(Part Two of Faith and Science, as They Really Are; see Part One here.)
Some contend that science and religion occupy separate worlds, but from my perspective, neither the religious faithful or scientifically-minded folk do, or desire to, stay on their “halves” of the subdivided world.
For one, religion makes claims about the real, descriptive world. The Christian worldview says that in the beginning, God created the universe; that this same God created the Earth and all of its creatures; that the Earth once flooded over; that there was a man who lived in Nazareth named Jesus Christ. Religion even makes claims about the future of the world and the nature of the end times. (Though, regrettably, any observers of that validating event would be a little too late to the party!)
Each of the past events above either happened or did not happen. It really is that simple; there is a definite truth or falsity to each of those claims.
Of course, many of them are difficult to test, but so is testing the Big Bang or determining whether Julius Caesar was a real, living man. The same tools that we use in science can, and indeed have been used to test religious hypotheses about the real world (e.g., the historicity [i.e., historical evidence to determine the reality of] Jesus Christ is as good as the historicity of Julius Caesar).
And also, thinking now of “ought”: would believers really want to give up the right to talk about physical, descriptive, “scientific” evidence? Say that tomorrow, historians found fossils that confirmed the story of the flood. Would any sane Christian deny that evidence as descriptive, and therefore not of the domain of religion? Of course not. Religion is a moral system. But it also makes – and wants to make – claims about the descriptive truth of the world.
Similarly, while science primarily holds to its value-neutral assessment of the descriptive truth, it depends on, and desires to make, value-based prescriptive claims.
Science claims objectivity. Through the scientific method, science can supposedly divorce itself from guesswork and find the truth. But in reality – the real, messy world of science as it actually is – things aren’t that simple or clean.
This is true methodologically, for science can’t use its own tools to reflexively justify the way that it uses those tools. What objective standard can determine whether a sample is “large enough”? Or when a margin of error is “acceptable”? How to judge whether an experiment is rigorous enough? Or whether its assumptions were justified? Even more fundamentally, how can the tools of science guide which hypotheses are chosen to test in the first place? The easy way to resolve these dilemmas would be to say that such value judgements are non-scientific, but that would ignore that they’re the foundation of all scientific research. Although I admittedly have no experience in the matter, I’m sure that articles fail peer review every day for failing to subjective criteria like those above.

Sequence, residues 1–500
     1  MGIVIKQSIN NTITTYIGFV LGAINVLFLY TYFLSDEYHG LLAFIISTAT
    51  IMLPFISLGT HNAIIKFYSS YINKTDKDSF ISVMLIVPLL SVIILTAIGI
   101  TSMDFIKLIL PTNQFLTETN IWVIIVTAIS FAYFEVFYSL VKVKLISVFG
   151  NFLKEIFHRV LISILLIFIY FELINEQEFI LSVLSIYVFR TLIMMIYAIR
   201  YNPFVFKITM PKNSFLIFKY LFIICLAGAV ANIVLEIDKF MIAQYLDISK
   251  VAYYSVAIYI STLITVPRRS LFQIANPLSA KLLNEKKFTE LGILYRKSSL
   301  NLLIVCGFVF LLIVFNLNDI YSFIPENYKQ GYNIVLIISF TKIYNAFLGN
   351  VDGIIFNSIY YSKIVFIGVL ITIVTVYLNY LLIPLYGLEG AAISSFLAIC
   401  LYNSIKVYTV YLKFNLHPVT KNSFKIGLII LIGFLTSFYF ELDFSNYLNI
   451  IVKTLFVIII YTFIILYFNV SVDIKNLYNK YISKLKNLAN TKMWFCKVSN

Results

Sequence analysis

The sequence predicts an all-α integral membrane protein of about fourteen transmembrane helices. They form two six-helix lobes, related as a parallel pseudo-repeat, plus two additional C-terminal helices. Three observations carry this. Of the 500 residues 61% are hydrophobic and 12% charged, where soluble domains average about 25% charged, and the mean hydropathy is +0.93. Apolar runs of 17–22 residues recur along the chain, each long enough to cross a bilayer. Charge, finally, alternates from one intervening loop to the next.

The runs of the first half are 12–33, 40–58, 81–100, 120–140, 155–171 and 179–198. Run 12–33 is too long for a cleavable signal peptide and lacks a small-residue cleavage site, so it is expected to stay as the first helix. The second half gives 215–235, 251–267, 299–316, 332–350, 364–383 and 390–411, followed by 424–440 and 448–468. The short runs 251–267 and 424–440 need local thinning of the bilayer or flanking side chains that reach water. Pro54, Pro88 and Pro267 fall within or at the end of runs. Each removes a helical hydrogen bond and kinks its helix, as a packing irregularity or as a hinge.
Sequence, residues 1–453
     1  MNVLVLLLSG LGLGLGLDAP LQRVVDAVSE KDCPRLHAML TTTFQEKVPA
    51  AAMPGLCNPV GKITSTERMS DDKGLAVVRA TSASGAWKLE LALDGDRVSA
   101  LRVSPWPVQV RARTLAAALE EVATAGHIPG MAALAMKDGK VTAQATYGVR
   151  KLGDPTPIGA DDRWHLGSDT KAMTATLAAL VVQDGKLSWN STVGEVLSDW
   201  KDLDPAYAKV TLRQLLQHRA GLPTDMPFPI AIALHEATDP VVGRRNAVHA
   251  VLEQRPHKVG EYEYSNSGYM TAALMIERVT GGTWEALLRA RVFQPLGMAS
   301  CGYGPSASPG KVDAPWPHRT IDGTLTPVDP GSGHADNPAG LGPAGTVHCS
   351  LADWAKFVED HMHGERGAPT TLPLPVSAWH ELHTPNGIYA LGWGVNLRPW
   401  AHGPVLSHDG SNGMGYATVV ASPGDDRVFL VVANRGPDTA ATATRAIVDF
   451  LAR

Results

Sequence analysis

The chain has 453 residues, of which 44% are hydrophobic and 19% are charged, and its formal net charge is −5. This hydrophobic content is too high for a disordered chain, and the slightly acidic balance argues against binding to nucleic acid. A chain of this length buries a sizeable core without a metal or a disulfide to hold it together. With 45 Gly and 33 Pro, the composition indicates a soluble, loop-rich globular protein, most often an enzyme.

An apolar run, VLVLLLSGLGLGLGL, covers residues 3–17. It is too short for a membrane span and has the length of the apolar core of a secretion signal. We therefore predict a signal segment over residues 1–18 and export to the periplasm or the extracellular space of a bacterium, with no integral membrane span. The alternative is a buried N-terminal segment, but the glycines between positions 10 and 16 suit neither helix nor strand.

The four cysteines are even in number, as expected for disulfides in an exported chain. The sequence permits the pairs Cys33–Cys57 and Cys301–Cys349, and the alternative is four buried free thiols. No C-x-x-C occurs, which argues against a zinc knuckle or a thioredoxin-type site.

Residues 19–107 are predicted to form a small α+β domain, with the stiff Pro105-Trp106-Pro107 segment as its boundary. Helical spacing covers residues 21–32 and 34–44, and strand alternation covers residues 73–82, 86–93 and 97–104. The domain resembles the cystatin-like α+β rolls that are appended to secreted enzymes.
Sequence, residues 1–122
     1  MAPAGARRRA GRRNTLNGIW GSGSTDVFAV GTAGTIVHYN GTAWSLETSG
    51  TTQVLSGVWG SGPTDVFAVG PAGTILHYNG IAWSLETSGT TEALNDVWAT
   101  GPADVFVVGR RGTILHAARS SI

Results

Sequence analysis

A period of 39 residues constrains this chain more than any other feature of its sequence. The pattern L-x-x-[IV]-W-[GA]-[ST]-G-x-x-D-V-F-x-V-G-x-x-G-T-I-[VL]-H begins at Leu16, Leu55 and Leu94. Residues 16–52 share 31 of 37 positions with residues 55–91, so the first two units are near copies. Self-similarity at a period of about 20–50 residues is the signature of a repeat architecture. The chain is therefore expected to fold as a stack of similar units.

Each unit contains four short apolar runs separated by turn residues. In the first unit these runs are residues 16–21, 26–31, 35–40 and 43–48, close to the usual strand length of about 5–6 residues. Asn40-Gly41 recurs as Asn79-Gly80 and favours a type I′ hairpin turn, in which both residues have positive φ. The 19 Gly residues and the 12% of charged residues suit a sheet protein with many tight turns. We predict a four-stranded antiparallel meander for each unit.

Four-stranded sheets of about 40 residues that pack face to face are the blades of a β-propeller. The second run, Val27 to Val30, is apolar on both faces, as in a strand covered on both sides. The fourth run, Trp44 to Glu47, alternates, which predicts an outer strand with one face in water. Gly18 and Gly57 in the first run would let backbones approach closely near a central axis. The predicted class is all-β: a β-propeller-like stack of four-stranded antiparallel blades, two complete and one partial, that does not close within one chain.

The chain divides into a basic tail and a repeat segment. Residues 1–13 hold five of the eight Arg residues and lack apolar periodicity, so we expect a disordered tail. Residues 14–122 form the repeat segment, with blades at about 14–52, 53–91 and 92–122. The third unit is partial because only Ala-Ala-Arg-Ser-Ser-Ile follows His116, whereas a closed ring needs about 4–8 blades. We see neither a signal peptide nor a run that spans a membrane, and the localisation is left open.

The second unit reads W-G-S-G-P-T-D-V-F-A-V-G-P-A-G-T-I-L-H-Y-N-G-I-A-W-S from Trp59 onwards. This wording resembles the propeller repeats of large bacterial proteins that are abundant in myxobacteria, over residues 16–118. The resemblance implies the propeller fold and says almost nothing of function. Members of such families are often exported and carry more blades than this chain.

This is especially true when science turns to questions of events that cannot be repeated (e.g. the beginning of the universe; for who is to judge whether the conditions of the experiments are germane to the actual conditions of the original event?) – or for broader, metascientific discussions that play a large role in determining the current state of the scientific truth (e.g., determining when consensus is reached; because what about that one dentist that thinks Colgate doesn’t effectively fight plaque?).
It may be easy for science to shut itself off from these criticisms by saying that science is always a work in progress and that these questions don’t have sufficient answers – but that’s precisely my point. Science is not a closed system, descriptive and determined and true. Many of the most important decisions that scientists make are judgement calls, and necessarily fall outside the domain of deductive fact.
And, as with religion, I severely doubt that many scientists would wish for science to stay within its pre-ordained, descriptive world.
Many scientists research hypotheses typically considered the ground of morality: they study the evolution of groups of animals and whether they understand tit-for-tat; they explain the rise of morality in the human brain; they debate whether true altruism is possible. And, even more meaningfully, scientists often hope that their descriptive research enters into the prescriptive norms of society. Vaccines and global warming are the obvious examples, and in the future, science may even be asked to weigh in on other moral issues like abortion (when does a human life begin?).
Per the above, I think the claim that science and religion occupy two non-overlapping magisteria is, to be blunt, crazy talk. Neither one does stay fully within their proscribed domain in the real world, and neither one wants to. The only way to deny that argument – that I can see – is to allow each domain to think of itself only as it ought to be, rather than how it actually is. But to my mind, that’s unhelpful – because we live in the real world, not the world that ought to exist.